rhizomatiks_multiplex at Museum of Contemporary Art Tokyo (MOT)
I have been following Rhizomatiks since their starting, because I am interested in R&D and the most recent interactions between technology, art, and design. The company - born in 2006 as a collective of creative people - focuses on creating commercial and artistic projects using arts and technology. The name comes from the philosophical concept developed by Gilles Deleuze and Félix Guattari, meaning the diversity and cross-disciplinarity that characterize the group’s approach. The group includes experts of different fields such as architects, designers, visual and media artists, musicians, engineers, and programmers. They have collaborated in the years with renowned artists such as Björk, Squarepusher, Ryuichi Sakamoto, Mansai Nomura, and various others, receiving international acclaim due to their innovative approach and research.
The founder Daito Manabe (1976), made himself noticed in 2008 with the performance called Electric Stimulus To Face, featuring facial expressions generated by sound through myoelectric sensors. This hybridization of the human being with mechanics and technology became, from that moment, the signature of the company. Rhizomatiks website is a vast source of inspiration for the creativity of every field, filled with projects and researches offering a glimpse of what our future will look like. Sci-fi enthusiasts will find many similarities with Black Mirror – the British dystopian science fiction that investigates the consequences of new technologies on our society.
Opened on March 20th, the new exhibition rhizomatiks_multiplex is hosted at the Museum of Contemporary Art Tokyo (MOT) and celebrates the 15th anniversary of the group. I was lucky to visit it a few days before the temporary closure due by the third lockdown imposed by the Japanese government to control the spread of COVID-19. The exhibition, which is the Rhizomatiks’ first large-scale solo exhibition at a museum, proves the openness of public museums in Japan to display and promote the works of young talents rather than only celebrating the most famous ones.
Besides, this project has been developed innovatively considering the recent pandemic, thus creating a refined digital version of the exhibition that reproduces the venue with some of its contents. The title itself comes from this innovative approach, where a hybrid exhibition is combined with an online platform: thus, the name “multiplex.” The digital display replicates the venue at the Museum of Contemporary Art Tokyo in a 3D model so that online viewers can walk through the actual museum and find additional information, helping to understand the contents more clearly. Furthermore, the position of the actual visitors inside the museum is traced and visualized online, thus creating a bridge between real and virtual. “Our bodies oscillate between the virtual and the real, and what is now needed is a vital inquiry into the real points of contact that will permit us to access these troves of invisible big data. In response to these rapidly changing circumstances, Rhizomatiks attempt to update our bodily sensations, perceptual awareness, and critical-analytical abilities from various angles”, states the exhibition’s curator Yuko Hasegawa.
The exhibition route starts with a section dedicated to the history of Rhizomatiks over the past fifteen years and the concept of “data visualization.” The latter includes an attractive area called “NFTs and CryptoArt-Experiment,” with the installation “CryptoArt-Experiment,” a marketplace to trade and collect unique digital artworks encrypted as NFT (non-fungible token).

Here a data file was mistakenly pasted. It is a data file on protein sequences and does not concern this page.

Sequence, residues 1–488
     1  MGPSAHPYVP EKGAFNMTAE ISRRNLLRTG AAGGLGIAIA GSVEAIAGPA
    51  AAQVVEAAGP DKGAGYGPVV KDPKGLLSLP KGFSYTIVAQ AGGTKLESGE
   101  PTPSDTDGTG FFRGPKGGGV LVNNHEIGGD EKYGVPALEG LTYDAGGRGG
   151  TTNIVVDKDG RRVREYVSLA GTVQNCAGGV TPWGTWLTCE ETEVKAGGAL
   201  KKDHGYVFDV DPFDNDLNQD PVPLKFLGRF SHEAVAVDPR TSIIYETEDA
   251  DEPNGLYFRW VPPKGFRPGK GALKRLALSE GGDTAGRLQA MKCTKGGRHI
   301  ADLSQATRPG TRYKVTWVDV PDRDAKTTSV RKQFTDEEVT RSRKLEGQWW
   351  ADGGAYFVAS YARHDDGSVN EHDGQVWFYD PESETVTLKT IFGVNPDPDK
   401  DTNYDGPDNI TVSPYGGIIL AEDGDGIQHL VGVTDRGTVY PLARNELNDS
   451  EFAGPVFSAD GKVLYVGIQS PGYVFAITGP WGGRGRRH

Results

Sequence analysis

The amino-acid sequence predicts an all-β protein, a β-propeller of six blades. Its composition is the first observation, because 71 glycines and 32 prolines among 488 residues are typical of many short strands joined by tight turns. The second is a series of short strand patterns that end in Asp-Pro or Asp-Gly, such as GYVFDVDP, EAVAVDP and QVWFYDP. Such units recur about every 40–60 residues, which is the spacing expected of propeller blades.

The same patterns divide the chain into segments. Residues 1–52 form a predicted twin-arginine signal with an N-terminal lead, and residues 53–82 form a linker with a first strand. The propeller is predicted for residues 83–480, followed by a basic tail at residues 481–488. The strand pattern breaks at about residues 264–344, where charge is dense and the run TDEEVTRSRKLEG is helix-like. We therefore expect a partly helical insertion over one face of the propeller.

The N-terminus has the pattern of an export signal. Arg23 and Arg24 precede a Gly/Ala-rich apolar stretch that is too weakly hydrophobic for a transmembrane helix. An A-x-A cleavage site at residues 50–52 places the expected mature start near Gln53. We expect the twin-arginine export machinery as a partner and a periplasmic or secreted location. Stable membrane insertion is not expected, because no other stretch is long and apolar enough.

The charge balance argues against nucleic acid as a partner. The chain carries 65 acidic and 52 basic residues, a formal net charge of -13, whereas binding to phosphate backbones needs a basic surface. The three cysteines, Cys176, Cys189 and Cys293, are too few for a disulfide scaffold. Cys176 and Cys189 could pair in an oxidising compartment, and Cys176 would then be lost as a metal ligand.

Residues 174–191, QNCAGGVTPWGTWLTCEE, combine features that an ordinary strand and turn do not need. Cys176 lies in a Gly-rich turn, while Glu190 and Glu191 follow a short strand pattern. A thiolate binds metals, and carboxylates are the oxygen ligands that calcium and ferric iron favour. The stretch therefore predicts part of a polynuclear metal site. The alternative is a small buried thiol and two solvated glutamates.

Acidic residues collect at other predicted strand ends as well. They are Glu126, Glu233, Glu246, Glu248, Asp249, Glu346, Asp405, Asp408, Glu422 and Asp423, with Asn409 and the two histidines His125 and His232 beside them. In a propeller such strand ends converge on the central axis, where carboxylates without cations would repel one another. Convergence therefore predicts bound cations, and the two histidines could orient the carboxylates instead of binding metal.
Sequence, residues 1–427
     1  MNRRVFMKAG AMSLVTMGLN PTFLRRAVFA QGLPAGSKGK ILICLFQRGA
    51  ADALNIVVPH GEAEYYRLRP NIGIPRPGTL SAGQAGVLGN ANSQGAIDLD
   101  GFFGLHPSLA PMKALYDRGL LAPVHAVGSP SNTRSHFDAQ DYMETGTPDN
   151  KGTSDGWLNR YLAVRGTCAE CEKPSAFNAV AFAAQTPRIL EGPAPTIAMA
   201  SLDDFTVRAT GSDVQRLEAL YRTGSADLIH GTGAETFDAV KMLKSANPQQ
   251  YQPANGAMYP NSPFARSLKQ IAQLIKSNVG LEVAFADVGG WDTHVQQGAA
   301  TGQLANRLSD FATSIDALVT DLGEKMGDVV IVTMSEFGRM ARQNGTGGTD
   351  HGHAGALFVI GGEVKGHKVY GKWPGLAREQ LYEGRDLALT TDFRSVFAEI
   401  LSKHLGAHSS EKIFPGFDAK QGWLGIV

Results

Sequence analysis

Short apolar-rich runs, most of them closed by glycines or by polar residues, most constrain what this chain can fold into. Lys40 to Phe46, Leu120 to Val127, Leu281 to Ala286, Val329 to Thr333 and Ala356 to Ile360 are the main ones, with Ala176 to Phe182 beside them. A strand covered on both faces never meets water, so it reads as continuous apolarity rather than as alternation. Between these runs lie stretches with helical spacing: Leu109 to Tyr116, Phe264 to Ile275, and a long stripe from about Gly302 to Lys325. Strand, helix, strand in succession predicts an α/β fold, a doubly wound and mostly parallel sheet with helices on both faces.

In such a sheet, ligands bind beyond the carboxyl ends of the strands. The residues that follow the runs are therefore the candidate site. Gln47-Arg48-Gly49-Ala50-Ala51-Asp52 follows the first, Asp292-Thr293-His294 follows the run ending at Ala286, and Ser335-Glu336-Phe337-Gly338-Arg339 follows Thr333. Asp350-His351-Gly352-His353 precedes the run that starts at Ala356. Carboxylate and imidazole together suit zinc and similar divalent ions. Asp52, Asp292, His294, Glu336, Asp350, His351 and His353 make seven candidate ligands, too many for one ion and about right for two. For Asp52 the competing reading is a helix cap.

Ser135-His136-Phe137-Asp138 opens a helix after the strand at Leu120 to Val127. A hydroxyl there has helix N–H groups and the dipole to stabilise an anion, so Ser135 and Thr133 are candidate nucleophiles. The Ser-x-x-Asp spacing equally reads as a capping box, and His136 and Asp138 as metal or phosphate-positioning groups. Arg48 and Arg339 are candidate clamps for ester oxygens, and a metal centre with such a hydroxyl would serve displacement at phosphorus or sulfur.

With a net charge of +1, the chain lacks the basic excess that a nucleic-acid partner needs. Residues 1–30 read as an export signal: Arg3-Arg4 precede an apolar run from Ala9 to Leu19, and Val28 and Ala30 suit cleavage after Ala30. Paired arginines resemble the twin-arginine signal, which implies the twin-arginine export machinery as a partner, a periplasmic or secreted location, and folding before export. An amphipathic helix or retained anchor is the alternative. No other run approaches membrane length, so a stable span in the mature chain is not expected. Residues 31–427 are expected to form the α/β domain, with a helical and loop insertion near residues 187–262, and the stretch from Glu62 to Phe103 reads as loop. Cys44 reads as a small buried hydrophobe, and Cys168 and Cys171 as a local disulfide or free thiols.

“Physical performances, and the creation of a hitherto unknown body” is the second section, where visitors become parts of a physical performance created in collaboration with ELEVENPLAY and Perfume. The installation consists of the motion capture data of dancers, combined with video projections and moving robotic cubes. Like in a Black Mirror’s episode, real and virtual realms blend to create a “hitherto unknown body” and a poetic interaction between human and machine. This is a taste of a “new humanity” waiting ahead. Our physical existence will generate data, and that information will be elaborated on by computers and translated into unimaginable outputs.
After experiencing this exciting preview of the next future, I reluctantly left the room. I found the following sections dedicated to R&D and Behind the scenes, filled with several experiments realized by Rhizomatiks in their fifteen years of activity. Here emerged clearly the trial & error process behind each project, typical of the scientifically driven approach that characterizes the team and assimilates it more to an academic laboratory than a commercial company.
The route ended with the most impressive work, an installation called “Particles 2021”, which has won various awards in Japan and abroad. The hypnotic movement of balls with a built-in LED, sliding along an organic spiral structure, is paired with a laser that precisely tracks the balls’ position. The action is emphasized through lights and sounds activated when the balls touch control points on the rail, creating an immersive show where the physical hardware and virtual layers coexist symbiotically. This project was proposed for the first time in 2011 and updated in line with this exhibition.
Concluding with the words of curator Hasegawa, “As COVID-19 forces the world to go online, thereby questioning the new possibilities that surround human communication, Rhizomatiks, who have put into practice many ongoing projects and technological proposals, will showcase the new role of artists in this changing world in the spring of 2021”.